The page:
16. Roberts, D. et al. Interannual pteropod variability in sediment traps deployed above and below the aragonite saturation horizon in the Sub-Antarctic Southern Ocean. Polar Biol. 34, 1739–1750 (2011).

    Article  Google Scholar 

  17. Heywood, K. J., Garabato, A. C. N. & Stevens, D. P. High mixing rates in the abyssal Southern Ocean. Nature 415, 1011–1014 (2002).

    Article  Google Scholar 

  18. Kahru, M., Mitchell, B. G., Gille, S. T., Hewes, C. D. & Holm-Hansen, O. Eddies enhance biological production in the Weddell-Scotia confluence of the Southern Ocean. Geophys. Res. Lett. 34, L14603 (2007).

    Article  Google Scholar 

  19. Park, J., Ohb, I-S., Kim, H-C. & Yoo, S. Variability of SeaWiFs chlorophyll-a in the southwest Atlantic sector of the Southern Ocean: Strong topographic effects and weak seasonality. Deep-Sea Res Pt. I 57, 604–620 (2010).

    Article  Google Scholar 

  20. Jones, E., Bakker, D., Venables, H. & Watson, A. Dynamic seasonal cycling of inorganic carbon downstream of South Georgia, Southern Ocean. Deep-Sea Res. Pt. II 59–60, 25–35 (2012).

    Article  Google Scholar 

  21. Bednarsek, N., Tarling, G., Fielding, S. & Bakker, D. Population dynamics and biogeochemical significance of Limacina helicina antarctica in the Scotia Sea (Southern Ocean). Deep-Sea Res. Pt. II 59–60, 105–116 (2012).

    Article  Google Scholar 

  22. Jansen, H., Zeebe, R.E. & Wolf-Gladrow, D.A. Modeling the dissolution of settling CaCO3 in the ocean. Glob. Biogeochem. Cycles 16, 1027 (2002).

    Article  Google Scholar 

  23. Francois, R., Honjo, S., Krishfield, R. & Manganini, S. Factors controlling the flux of organic carbon to the bathypelagic zone of the ocean. Glob. Biogeochem. Cycles 16, 1087 (2002).

    Article  Google Scholar 

  24. Fabry, V. J., McClintock, J. B., Mathis, J. T. & Grebmeier, J. M. Ocean acidification at high latitudes: The bell weather. Oceanography 22, 160–171 (2009).

    Article  Google Scholar 

  25. Johnson, K. M., Sieburth, J. M., Williams, P. J. L. & Brandstrom, L. Coulometric total carbon dioxide analysis for marine studies—automation and calibration. Mar. Chem. 21, 117–133 (1987).

    Article  Google Scholar 

  26. Dickson, A. G. An exact definition of total alkalinity and a procedure for the estimation of alkalinity and total inorganic carbon from titration data. Deep-Sea Res. 28, 609–623 (1981).

    Article  Google Scholar 

  27. Lewis, E. & Wallace, D. W. R. co2sys - Program Developed for CO 2 System Calculations Report ORNL/CDIAC-105 (Carbon Dioxide Information and Analysis Centre, Oak Ridge Natl. Lab., US Dep. of Energy, 1998).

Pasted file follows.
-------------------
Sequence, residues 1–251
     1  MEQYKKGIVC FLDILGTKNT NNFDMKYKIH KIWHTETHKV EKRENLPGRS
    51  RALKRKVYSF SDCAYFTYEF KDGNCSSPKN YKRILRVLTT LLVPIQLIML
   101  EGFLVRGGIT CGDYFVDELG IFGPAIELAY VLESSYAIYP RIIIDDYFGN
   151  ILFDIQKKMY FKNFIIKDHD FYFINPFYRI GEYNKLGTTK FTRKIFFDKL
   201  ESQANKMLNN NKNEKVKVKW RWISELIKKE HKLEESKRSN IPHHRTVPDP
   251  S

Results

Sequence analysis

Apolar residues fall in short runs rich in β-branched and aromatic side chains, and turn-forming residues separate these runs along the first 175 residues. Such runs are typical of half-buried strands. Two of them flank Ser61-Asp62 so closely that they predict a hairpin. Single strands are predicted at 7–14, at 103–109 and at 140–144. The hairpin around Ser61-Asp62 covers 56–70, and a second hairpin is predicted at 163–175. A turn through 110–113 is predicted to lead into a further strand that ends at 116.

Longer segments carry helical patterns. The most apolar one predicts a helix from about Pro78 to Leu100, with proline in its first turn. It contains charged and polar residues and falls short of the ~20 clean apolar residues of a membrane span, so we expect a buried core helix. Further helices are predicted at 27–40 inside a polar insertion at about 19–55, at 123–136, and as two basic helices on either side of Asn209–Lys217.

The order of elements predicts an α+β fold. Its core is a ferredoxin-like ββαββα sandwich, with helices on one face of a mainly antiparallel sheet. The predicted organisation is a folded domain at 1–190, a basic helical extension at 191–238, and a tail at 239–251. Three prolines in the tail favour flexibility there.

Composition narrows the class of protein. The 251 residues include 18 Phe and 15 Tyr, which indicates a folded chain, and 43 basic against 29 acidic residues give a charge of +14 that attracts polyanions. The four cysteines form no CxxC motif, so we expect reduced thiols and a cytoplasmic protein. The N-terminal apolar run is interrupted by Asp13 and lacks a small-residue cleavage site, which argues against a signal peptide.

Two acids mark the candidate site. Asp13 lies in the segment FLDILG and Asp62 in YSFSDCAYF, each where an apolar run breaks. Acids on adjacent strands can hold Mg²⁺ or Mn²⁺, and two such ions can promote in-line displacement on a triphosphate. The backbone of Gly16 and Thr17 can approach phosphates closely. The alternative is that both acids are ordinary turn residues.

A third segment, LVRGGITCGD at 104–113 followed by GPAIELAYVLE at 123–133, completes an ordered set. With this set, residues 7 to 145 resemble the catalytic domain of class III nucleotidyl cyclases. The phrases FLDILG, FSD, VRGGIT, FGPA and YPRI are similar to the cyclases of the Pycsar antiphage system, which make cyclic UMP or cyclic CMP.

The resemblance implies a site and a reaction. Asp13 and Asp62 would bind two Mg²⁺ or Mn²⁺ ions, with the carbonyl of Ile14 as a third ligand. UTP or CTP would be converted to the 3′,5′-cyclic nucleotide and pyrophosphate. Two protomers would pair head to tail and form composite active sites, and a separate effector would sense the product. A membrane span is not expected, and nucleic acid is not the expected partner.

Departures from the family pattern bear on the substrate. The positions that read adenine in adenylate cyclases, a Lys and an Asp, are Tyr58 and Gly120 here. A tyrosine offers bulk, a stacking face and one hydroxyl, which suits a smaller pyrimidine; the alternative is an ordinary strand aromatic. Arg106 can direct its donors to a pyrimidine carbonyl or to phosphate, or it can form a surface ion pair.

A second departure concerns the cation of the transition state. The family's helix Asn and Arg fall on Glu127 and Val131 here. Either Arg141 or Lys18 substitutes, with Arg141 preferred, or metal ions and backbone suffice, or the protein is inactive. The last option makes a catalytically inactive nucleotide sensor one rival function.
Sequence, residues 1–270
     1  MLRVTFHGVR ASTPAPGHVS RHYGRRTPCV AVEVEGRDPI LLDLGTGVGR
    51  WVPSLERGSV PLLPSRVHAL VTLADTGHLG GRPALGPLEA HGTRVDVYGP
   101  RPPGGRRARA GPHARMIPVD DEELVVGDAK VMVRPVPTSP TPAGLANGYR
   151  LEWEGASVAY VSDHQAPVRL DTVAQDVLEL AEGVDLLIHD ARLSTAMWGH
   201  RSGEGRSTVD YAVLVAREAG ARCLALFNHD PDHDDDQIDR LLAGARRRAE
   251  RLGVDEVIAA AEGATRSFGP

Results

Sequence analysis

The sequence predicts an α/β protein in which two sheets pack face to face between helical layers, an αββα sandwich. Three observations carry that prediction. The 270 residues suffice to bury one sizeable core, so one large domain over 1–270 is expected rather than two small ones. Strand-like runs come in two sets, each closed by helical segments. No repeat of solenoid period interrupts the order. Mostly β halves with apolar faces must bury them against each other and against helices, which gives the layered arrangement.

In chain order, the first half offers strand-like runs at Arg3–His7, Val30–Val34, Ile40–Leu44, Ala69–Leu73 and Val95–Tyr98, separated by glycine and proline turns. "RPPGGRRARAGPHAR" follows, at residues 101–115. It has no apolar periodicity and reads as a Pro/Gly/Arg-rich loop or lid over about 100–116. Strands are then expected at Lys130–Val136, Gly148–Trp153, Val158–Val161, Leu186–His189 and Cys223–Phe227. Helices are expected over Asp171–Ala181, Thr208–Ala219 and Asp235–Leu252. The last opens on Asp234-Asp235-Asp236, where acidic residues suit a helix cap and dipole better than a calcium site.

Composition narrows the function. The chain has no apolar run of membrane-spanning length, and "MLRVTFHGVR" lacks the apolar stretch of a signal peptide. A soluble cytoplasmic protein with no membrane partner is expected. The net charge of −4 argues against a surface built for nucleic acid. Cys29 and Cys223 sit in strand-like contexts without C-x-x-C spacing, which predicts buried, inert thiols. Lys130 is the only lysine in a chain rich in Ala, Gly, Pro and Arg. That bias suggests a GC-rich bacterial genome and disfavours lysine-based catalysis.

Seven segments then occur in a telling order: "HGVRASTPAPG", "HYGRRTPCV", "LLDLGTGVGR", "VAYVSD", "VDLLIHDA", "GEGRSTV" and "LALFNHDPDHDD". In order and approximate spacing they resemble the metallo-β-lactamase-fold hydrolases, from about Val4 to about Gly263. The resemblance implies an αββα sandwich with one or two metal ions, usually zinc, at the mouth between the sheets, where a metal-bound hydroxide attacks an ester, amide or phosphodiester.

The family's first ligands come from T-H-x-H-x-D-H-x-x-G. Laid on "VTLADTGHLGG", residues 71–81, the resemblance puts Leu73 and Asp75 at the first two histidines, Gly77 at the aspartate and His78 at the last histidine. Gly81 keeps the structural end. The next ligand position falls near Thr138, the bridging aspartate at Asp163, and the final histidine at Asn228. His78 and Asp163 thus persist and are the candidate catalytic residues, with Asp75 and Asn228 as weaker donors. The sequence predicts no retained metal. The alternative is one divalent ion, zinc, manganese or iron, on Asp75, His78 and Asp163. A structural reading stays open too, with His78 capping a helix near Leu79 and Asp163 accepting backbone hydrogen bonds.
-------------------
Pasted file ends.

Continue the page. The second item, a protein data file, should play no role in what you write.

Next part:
28. Mehrbach, C., Culberson, C. H., Hawley, J. E. & Pytkowicz, R. M. Measurement of the apparent dissociation constants of carbonic acid in seawater at atmospheric pressure. Limnol. Oceanogr. 18, 897–907 (1973).

    Article  Google Scholar 

  29. Dickson, A. G. & Millero, F. J. A comparison of the equilibrium constants for the dissociationof carbonic acid in seawater media. Deep-Sea Res. 34, 1733–1743 (1987).

    Article  Google Scholar 

  30. Bednarsek, N. et al. Description and quantification of pteropod shell dissolution: A sensitive bioindicator of ocean acidification. Global Change Biol. 18, 2378–2388 (2012).

    Article  Google Scholar 

Download references


This work was supported by the FAASIS (Fellowships in Antarctic Air-Sea-Ice Science), a Marie Curie Early Stage Training Network awarded to N.B. G.A.T., S.F. and P.W. carried out this work as part of the Ecosystems core-science programme at the British Antarctic Survey. G.A.T., P.W. and D.B. received further support during the analysis and synthesis stages from the pelagic consortium of the UK Ocean Acidification programme, funded by NERC, Defra and DECC (grant no. NE/H017267/1). D. McCorkle and A. Cohen of Woods Hole Oceanographic Institution helped develop a shell preparation method and commented on previous drafts of the manuscript. Image analysis was carried out at the University of East Anglia with the assistance of R. Montagna. Sampling operations were supported by the officers and crew of the RRS James Clark Ross with net-sampling equipment support from P. Enderlein of the British Antarctic Survey. P. Bucktrout assisted with graphical presentations.

Author information

Authors and Affiliations



G.A.T. and D.C.E.B. conceived the project; N.B. carried out the fieldwork, with the assistance of G.A.T., S.F. and P.W.; E.M.J. and H.J.V. provided supporting environmental data; A.K. helped develop a method of shell preparation for SEM analysis; B.L. developed an image analysis method; G.A.T., N.B. and D.C.E.B. co-wrote the manuscript, with theoretical overviews provided by R.A.F. and all remaining authors commenting.

Corresponding author

Correspondence to G. A. Tarling.

Ethics declarations

Competing interests

The authors declare no competing financial interests.

Supplementary information

Supplementary Information

Supplementary Information (PDF 1918 kb)

Supplementary Movie

Supplementary Movie (MOV 19156 kb)

Rights and permissions

Reprints and permissions

About this article

Cite this article

Bednaršek, N., Tarling, G., Bakker, D. et al. Extensive dissolution of live pteropods in the Southern Ocean. Nature Geosci 5, 881–885 (2012).

Download citation

  • Received:

  • Accepted:

  • Published:

  • Issue Date:

  • DOI:

This article is cited by


Quick links

Nature Briefing

Sign up for the Nature Briefing newsletter — what matters in science, free to your inbox daily.

Get the most important science stories of the day, free in your inbox. Sign up for Nature Briefing